Gilmore says long period of UK uncertainty not in anyone's interest


The UK could cede its place as one of the European Union’s major players if an EU referendum on membership in five years’ time creates doubt about its future, Minister for Foreign Affairs Eamon Gilmore has said.

“A long period of uncertainty about the UK’s relationship with the EU is not in anyone’s interest – not the UK, not Ireland and not Europe.

“The economic uncertainty that it will create will be bad for all of us.

“This is actually about thousands of British jobs. And quite a few Irish jobs too,” Mr Gilmore told a London conference last night that debated Britain’s future in the EU.

“Come what may, Ireland’s position is clear. We will stay close to the UK, and we will stay at the heart of Europe,” Mr Gilmore said. “Britain must avoid having a debate with itself, only to find that when the debate concludes, others have moved on.”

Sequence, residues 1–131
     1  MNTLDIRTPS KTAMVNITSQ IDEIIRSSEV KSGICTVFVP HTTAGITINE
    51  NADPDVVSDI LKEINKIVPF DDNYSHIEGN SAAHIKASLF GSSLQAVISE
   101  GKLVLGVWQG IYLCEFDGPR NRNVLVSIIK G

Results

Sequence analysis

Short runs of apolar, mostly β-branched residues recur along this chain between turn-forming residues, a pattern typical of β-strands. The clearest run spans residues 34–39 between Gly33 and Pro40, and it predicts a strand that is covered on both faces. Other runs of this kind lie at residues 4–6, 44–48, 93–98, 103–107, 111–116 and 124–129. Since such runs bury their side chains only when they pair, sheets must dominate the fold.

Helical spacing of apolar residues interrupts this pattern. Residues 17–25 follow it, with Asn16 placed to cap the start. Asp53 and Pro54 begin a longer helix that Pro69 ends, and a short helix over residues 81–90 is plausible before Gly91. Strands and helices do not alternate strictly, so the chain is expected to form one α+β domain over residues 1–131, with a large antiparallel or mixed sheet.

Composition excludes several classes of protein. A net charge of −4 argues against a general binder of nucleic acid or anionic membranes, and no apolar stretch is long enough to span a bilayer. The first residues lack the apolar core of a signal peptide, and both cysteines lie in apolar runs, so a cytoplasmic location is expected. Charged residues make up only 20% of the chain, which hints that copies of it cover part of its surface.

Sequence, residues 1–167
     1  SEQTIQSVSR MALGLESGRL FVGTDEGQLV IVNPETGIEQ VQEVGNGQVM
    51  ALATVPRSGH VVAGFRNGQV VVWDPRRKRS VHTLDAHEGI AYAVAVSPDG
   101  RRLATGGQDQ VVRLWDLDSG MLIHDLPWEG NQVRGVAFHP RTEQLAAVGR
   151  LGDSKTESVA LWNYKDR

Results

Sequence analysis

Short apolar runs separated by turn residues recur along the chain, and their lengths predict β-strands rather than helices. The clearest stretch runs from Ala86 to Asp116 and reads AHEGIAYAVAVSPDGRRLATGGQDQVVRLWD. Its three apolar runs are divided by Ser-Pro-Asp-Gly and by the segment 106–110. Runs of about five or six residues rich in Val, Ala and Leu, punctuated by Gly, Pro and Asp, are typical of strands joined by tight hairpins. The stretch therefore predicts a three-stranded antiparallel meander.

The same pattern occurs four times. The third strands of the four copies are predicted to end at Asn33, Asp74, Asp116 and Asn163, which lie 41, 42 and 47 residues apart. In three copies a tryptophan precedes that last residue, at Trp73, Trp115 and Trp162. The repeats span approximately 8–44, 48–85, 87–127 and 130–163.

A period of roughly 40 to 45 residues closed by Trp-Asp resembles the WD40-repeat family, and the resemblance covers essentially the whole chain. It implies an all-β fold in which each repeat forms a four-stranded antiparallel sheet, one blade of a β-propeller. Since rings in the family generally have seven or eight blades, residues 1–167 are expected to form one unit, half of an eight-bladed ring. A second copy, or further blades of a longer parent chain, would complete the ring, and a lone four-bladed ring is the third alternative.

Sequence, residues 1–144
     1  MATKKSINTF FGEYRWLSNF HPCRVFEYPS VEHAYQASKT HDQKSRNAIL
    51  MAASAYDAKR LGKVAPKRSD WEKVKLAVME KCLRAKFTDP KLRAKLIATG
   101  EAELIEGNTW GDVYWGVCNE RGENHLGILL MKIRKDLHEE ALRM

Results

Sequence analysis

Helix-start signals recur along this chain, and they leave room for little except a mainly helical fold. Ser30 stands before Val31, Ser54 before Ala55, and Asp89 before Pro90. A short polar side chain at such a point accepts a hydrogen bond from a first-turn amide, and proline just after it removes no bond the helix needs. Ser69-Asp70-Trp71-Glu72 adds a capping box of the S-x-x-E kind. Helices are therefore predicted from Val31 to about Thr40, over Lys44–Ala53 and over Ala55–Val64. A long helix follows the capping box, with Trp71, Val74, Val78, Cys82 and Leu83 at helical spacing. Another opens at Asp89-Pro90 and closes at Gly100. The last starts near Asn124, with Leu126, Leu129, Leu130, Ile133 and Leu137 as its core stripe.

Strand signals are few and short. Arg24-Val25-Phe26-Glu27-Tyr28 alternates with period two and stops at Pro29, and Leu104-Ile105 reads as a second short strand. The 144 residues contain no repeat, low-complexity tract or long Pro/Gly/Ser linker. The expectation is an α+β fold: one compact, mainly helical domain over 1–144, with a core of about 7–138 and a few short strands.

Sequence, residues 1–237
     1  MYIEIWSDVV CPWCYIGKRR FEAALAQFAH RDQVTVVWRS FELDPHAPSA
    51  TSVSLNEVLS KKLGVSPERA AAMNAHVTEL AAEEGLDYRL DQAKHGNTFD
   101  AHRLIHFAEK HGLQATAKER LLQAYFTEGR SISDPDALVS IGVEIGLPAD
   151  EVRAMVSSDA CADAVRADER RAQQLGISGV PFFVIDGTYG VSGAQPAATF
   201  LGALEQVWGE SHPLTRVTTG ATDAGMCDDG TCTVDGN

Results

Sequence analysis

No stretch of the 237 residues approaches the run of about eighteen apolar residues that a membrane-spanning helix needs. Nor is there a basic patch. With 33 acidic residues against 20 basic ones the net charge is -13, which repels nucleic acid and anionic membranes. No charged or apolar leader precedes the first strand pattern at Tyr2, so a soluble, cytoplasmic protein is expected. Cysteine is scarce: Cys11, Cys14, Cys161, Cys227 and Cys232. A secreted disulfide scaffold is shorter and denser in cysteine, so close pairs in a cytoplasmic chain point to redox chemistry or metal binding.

Impact on Ireland

Emphasising that he was not seeking to interfere in the UK debate, Mr Gilmore said “discretion should not be confused with disinterest” since the decision will have an impact on Ireland.

Mr Gilmore was introduced by former Labour cabinet minister Peter Mandelson, who said he was part of “unlikely coalition that has shown extraordinary toughness and courageous leadership”.

President of the European Council, Herman Van Rompuy cautioned against the British belief that EU treaty talks allow for an opportunity to renegotiate Britain’s membership.

The rest of the EU will be prepared to “listen and then talk”, he told the Policy Network conference, but he declared that the talks will have to be with 26 others, “not just Brussels”.